The main boost for business-owners is the new job retention bonus. The government said it will pay companies a one-off bonus of £1,000 for every furloughed employee they bring back on staff when the scheme ends.

Employees must earn at least £520 per month from October until January 2021 for businesses to qualify for the bonus, which will be paid out next February. It means companies could in effect get three months work from employees for the price of one.

Sunak said the government was prepared to pay the £1,000 bonus for all 9.4 million people who have been furloughed, meaning the policy could cost the government up to £9.4bn. It was the single most expensive stimulus policy announced in the summer statement.

Read more: Chancellor promises ‘bonus’ for firms that bring back furloughed workers


Homeowners are perhaps the biggest winners when it comes to the personal finance impact of Sunak’s summer statement.

The chancellor announced £2bn of new Green Home grants that homeowners can spend on energy efficient renovations such as insulation and double glazing. For every £1 a homeowner spends on a project, the government will contribute £2, up to a maximum of £5,000. Britain’s poorest will also qualify for full grants of up to £10,000.

Read more: Chancellor announces £5,000 'green' giveaway for home owners and landlords

Homeowners looking to sell also scored a boost in the form of a temporary stamp duty holiday until next March. The threshold for stamp duty has risen from £125,000 to £500,000 in England and Northern Ireland. The chancellor said the change means 9 out of 10 property transactions will not incur the tax.

Read more: UK government announces stamp duty holiday to boost property market

Eating out

The most radical policy announced was a new “Eat Out to Help Out” scheme that will see the government subsidise the public’s meals in restaurants, bars, pubs, and cafes.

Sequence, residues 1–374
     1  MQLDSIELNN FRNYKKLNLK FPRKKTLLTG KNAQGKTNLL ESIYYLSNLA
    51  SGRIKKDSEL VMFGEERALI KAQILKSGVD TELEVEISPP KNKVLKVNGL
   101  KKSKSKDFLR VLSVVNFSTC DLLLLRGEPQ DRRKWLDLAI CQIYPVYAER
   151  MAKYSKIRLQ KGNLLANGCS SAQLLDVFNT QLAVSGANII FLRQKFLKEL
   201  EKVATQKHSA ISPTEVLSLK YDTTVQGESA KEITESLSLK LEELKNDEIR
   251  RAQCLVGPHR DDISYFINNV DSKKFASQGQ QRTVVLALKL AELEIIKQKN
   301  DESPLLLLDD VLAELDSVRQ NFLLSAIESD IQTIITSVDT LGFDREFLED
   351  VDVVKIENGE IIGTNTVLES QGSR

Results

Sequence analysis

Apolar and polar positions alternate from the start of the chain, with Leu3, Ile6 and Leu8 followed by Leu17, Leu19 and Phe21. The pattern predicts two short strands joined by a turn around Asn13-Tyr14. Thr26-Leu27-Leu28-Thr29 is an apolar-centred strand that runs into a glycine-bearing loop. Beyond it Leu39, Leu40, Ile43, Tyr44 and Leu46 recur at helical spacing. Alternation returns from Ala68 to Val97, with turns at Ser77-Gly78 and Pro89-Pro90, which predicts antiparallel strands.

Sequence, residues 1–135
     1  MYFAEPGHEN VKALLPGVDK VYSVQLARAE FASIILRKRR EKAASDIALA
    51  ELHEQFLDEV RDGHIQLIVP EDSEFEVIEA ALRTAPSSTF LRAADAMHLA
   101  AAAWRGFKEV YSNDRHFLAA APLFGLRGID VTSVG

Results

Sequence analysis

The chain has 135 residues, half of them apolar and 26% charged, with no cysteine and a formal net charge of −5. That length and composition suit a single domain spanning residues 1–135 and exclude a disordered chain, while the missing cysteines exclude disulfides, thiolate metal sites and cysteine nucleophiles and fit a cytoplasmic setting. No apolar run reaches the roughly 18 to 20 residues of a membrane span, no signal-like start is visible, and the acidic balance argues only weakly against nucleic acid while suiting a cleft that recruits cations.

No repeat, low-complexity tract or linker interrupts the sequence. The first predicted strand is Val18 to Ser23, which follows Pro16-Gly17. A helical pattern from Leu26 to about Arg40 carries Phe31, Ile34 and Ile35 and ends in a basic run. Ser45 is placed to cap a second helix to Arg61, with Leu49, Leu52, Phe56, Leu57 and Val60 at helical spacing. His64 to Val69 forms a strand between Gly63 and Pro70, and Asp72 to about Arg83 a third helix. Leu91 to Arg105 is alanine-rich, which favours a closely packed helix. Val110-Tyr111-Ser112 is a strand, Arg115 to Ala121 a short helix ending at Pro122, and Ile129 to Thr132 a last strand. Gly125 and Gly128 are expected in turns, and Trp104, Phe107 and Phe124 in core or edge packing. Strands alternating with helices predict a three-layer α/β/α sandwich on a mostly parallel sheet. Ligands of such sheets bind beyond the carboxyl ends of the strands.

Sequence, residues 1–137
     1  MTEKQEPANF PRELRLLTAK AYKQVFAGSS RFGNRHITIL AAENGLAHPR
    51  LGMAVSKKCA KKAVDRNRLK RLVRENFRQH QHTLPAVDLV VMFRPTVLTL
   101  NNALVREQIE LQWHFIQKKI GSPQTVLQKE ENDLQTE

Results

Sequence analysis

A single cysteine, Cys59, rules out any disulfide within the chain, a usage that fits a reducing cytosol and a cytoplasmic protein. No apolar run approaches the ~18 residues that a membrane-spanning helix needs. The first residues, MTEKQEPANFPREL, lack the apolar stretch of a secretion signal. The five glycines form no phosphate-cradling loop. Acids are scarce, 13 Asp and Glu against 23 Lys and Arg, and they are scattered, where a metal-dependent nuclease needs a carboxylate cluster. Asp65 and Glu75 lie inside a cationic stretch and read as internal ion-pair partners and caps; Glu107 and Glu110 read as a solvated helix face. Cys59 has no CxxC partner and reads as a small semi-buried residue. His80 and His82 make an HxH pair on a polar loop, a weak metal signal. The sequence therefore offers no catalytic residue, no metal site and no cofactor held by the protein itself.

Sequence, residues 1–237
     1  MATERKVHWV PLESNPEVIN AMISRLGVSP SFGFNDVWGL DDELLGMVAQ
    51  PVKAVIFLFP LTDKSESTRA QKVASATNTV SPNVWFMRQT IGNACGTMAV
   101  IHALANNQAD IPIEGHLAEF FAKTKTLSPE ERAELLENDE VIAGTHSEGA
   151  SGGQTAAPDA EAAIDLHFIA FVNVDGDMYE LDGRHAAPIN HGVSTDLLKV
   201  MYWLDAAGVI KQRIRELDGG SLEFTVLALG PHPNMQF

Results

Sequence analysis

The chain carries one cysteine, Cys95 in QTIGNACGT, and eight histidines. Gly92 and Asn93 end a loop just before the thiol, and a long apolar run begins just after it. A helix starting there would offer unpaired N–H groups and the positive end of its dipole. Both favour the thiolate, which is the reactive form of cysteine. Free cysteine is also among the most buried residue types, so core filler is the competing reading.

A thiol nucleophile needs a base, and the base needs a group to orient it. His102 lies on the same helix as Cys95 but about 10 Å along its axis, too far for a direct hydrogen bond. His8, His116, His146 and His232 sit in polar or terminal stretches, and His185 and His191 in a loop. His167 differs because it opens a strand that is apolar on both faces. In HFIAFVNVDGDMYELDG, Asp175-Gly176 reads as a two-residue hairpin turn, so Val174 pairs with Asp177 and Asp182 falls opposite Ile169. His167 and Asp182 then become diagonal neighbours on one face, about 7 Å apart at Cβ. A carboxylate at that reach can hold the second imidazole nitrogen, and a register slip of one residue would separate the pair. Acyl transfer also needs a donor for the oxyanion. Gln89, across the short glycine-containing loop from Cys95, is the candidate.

The government will give diners a discount of up to 50%, or a maximum of £10 per head, on meals eaten out. The discount will cover all food and non-alcoholic drinks. The offer will run Monday to Wednesday throughout August.

File photo dated 03/07/20 of Pellicci's Cafe in Bethnal Green, east London. Chancellor of the Exchequer Rishi Sunak announced, in his summer economic update, a VAT cut from 20% to 5%, from next Wednesday until January 12, in the hospitality sector which will have an impact on eat-in or hot takeaway food from restaurants, cafes and pubs.
Pellicci's Cafe in Bethnal Green, east London. Chancellor Rishi Sunak announced, in his summer statement, a VAT cut from 20% to 5%, from next Wednesday until 12 January, in the hospitality sector. Photo: PA

Restaurants must registered with the government to take part in the scheme and will be reimbursed by the government after the fact.

The government has also cut VAT for hospitality and leisure businesses from 20% to 5%. That should make many meals cheaper at the tills.

Read more: Brits get 50% off restaurants with 'Eat Out to Help Out' scheme


The VAT cut should also make holidays cheaper. Accommodation and attractions will see their rate of VAT go down from 20% to 5%, meaning booking a hotel or going somewhere like Alton Towers should get cheaper.

Sunak said the tax cut should help get pubs, restaurants, cafes and B&Bs “bustling again.”

“This is a £4bn catalyst for the hospitality and tourism sectors, benefiting over 150,000 businesses, and consumers everywhere — all helping to protect 2.4 million jobs,” the chancellor said.